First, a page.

Piping grids cannot generally be placed in the aggregate between roadway pavement on bridges. As a result, an internal network of pipes, carrying a glycol and water solution, draws heat from the ground (Figure 2) and circulates the warm fluid through the various loops. Because thermal expansion/contraction effects may be greater in heating systems for bridge decks it is important to monitor not only the temperature of the fluid, but also the strain experienced by the piping systems and roadway. Bridge decks require approximately 100 Btu/hr/ft.2 of surface for deicing.
Figure 2. The roadbed showing the piping grid that will circulate geothermal fluid through the bridge deck to prevent or remove black ice from its surface
In addition to the flash boilers, a solar collection feature recharges geothermal stores and reduces thermal cycling on the bridge. It does this by means of a dark gray tinted sealer on the bridge deck that absorbs sunlight during the day. As the fluids run through the deck they will pick up this heat and transfer it away from the bridge and back into the ground sources, where it can be used to maintain the bridge's constant temperature, as needed, once the sun goes down and temperatures drop.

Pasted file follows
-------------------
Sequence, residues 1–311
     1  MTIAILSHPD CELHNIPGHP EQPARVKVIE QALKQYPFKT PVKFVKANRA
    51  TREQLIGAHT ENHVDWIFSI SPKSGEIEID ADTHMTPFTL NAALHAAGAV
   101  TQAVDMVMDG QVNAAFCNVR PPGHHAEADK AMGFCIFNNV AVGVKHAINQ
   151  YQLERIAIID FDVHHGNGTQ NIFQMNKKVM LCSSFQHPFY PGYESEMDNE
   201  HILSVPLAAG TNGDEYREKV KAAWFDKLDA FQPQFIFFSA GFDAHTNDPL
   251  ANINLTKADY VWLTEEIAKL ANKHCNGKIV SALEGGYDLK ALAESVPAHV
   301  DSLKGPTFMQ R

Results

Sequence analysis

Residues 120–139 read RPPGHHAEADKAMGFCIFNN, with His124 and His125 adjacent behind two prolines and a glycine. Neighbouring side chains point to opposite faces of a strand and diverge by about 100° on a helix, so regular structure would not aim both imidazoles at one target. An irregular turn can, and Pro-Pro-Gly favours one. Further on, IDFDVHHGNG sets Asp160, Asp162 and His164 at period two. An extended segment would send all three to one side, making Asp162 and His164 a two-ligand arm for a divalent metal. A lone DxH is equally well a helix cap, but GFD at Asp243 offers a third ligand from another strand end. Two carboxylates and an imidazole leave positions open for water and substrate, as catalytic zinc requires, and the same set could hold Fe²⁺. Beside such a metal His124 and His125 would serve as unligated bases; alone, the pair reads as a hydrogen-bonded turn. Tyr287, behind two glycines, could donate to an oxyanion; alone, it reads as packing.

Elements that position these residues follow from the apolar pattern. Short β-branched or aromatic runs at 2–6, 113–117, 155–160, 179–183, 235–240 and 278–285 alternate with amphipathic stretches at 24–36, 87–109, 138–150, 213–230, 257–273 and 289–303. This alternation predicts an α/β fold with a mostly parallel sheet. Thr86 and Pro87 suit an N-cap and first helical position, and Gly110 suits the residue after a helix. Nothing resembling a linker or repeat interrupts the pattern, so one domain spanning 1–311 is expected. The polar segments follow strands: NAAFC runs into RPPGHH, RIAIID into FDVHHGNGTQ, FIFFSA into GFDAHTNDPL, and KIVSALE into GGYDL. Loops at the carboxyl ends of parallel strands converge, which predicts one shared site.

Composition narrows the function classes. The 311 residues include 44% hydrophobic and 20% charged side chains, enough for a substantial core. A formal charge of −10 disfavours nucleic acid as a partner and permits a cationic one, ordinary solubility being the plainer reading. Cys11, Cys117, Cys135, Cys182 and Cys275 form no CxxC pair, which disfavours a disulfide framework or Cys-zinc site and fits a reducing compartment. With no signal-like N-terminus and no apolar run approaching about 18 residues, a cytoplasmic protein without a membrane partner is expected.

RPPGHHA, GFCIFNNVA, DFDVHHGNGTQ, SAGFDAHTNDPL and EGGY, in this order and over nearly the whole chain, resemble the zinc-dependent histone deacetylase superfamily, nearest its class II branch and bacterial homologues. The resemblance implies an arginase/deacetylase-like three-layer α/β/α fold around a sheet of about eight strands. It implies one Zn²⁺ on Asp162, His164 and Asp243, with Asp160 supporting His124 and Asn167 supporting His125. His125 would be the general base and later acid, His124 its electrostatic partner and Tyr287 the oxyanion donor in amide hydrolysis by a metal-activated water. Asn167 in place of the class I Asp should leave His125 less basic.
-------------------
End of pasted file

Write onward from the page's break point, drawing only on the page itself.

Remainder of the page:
Strain gauges inserted throughout the deck also allow engineers to monitor the strain on the structure as vehicles drive over it. Should they see a strain on the deck, strategically placed cameras let them identify which vehicle is causing the strain.
The bridge opened for traffic in October of 2007. TCweb units currently monitor 52 data points, including geothermal temperatures and mechanical strains on the bridge deck heating system allowing municipal and contract engineers to log data, and remotely monitor bridge systems.